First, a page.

Mandala

Mandala 9 Nov 2019 ©Angela Porter |Artwyrd.com

This morning, I needed the calming and soothing process of drawing a mandala.

The last few days have been manic, tiring and emotional. I’ve also had to use a lot of mental concentration on a project that involves me. All this has resulted in evenings filled with headaches and emotional vulnerability.

I’m aware of what’s happening to me, and I do take steps to make sure that I practice self-care and self-soothing.

Drawing mandalas is always self-soothing for me. The abstract nature of them means anything goes, within the foundation of rings and angles. Drawing repeating patterns and shapes is also a soothing activity.

Today, I chose to draw in black and white and add a grey, textured background. Some subtle shading in greys helps to add the illusion of dimension to the mandala.

I drew this mandala digitally, using my favourite tool triad of Autodesk Sketchbook Pro, Microsoft Surface Pen and Microsoft Surface Studio. This made it easy to alter what I wasn’t happy with as I worked on the mandala. This removed a source of potential stress and upset and allowed the perfectionist in me to smile.

That doesn’t mean there aren’t any imperfections in the design; there are plenty of them! It just means I can fix the big mistakes quickly. I wish it were as easy to do that in life, for myself but also for others.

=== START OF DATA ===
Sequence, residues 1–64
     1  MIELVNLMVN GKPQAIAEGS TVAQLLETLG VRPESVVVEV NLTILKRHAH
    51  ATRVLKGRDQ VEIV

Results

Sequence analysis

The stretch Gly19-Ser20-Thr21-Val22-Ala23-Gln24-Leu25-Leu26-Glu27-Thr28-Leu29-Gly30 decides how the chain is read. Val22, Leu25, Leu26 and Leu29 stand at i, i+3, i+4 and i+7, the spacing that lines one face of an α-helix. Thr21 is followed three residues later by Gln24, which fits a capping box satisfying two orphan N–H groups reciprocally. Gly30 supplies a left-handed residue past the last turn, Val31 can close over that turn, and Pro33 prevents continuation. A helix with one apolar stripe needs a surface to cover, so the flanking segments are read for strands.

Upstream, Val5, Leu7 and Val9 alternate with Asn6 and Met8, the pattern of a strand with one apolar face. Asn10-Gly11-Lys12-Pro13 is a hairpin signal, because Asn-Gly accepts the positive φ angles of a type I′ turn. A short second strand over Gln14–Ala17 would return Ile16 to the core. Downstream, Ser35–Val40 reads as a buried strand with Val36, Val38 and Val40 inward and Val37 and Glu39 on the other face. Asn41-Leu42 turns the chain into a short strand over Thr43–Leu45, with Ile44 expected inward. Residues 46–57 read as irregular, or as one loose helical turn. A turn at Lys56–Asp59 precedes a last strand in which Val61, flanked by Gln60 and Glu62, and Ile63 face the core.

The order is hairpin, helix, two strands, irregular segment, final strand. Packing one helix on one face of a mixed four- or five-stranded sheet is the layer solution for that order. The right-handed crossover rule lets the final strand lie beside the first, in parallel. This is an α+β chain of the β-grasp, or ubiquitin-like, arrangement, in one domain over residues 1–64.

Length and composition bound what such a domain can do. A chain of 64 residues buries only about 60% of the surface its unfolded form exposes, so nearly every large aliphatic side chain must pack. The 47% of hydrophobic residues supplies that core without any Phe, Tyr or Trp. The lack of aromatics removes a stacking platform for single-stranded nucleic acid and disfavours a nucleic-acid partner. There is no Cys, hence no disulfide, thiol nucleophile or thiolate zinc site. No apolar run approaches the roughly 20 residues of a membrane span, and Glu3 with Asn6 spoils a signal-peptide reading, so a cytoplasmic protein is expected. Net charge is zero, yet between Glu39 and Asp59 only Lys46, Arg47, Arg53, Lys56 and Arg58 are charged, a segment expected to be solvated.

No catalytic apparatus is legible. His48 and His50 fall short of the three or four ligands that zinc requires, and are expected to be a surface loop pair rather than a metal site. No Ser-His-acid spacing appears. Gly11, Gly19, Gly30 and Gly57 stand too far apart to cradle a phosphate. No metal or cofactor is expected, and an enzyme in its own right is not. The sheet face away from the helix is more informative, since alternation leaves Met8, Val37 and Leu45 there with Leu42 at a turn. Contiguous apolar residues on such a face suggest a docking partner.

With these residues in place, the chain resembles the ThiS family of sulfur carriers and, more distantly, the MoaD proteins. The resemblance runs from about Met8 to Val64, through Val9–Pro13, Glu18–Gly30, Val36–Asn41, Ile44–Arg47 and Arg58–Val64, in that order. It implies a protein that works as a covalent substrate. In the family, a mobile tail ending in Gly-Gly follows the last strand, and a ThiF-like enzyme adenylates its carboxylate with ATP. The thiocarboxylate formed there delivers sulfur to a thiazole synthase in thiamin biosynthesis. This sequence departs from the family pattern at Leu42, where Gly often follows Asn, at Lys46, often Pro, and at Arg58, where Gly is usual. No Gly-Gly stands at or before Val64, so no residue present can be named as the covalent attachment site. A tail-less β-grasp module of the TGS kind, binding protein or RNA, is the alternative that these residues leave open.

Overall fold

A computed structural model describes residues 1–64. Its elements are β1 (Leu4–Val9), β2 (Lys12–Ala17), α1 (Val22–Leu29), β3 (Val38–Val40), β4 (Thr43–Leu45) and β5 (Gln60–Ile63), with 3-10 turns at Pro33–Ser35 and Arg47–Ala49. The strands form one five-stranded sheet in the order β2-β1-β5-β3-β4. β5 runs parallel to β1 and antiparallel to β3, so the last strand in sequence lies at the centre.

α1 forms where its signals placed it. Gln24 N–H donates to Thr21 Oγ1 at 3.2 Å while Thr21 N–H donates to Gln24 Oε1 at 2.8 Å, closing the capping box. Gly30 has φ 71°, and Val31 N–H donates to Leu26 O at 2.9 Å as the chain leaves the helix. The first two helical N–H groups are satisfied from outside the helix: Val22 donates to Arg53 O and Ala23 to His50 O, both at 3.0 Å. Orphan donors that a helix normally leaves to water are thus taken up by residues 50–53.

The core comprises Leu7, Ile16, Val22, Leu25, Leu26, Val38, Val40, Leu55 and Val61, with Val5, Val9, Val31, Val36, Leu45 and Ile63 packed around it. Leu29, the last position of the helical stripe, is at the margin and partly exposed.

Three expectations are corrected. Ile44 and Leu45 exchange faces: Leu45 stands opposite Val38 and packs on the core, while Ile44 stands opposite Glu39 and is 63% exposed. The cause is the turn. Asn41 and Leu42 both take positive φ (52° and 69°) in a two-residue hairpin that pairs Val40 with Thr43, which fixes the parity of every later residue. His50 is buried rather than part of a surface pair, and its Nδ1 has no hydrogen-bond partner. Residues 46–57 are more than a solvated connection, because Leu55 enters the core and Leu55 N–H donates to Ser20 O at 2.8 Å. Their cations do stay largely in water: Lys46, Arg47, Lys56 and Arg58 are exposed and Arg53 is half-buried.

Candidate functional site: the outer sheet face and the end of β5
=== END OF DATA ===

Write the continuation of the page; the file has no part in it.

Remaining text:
I enjoyed drawing the mandala. It has helped to soothe my fragile head and heart and has set me up for the rest of my arty, creative day.

So, Angela, how are you feeling today?

I’ve not written much about my mental and emotional health lately. It’s mostly been good. However, I’ve had some challenges with it and have had some weepy, teary times.

Previously, I’ve mentioned that I was looking at leaving therapy soon. I still think that will be the case, but these challenges have caused some flotsam and jetsam from my past to surface. They need to be processed and released before I consider leaving therapy.

I have so much to do in terms of work and other commitments that I really do need to schedule in that self-care time. Also, I’m aware that the challenges I’m currently facing could, potentially, harm my mental and emotional health. All the work of the past five years in therapy could, possibly, be undone. I can’t allow that to happen.

During the recent difficulties, I’ve found my emotions and thoughts harking back to the dark days of my poor mental and emotional health. I managed to stop myself falling into the bottomless, dark pit of despair and anguish. I recognised it was happening. Also, I recognised the trigger for this. It was strong enough to breathe some life into the pale ghosts of my past. Those ghosts have now been dispelled, but I know they can rise to haunt me at my vulnerable moments.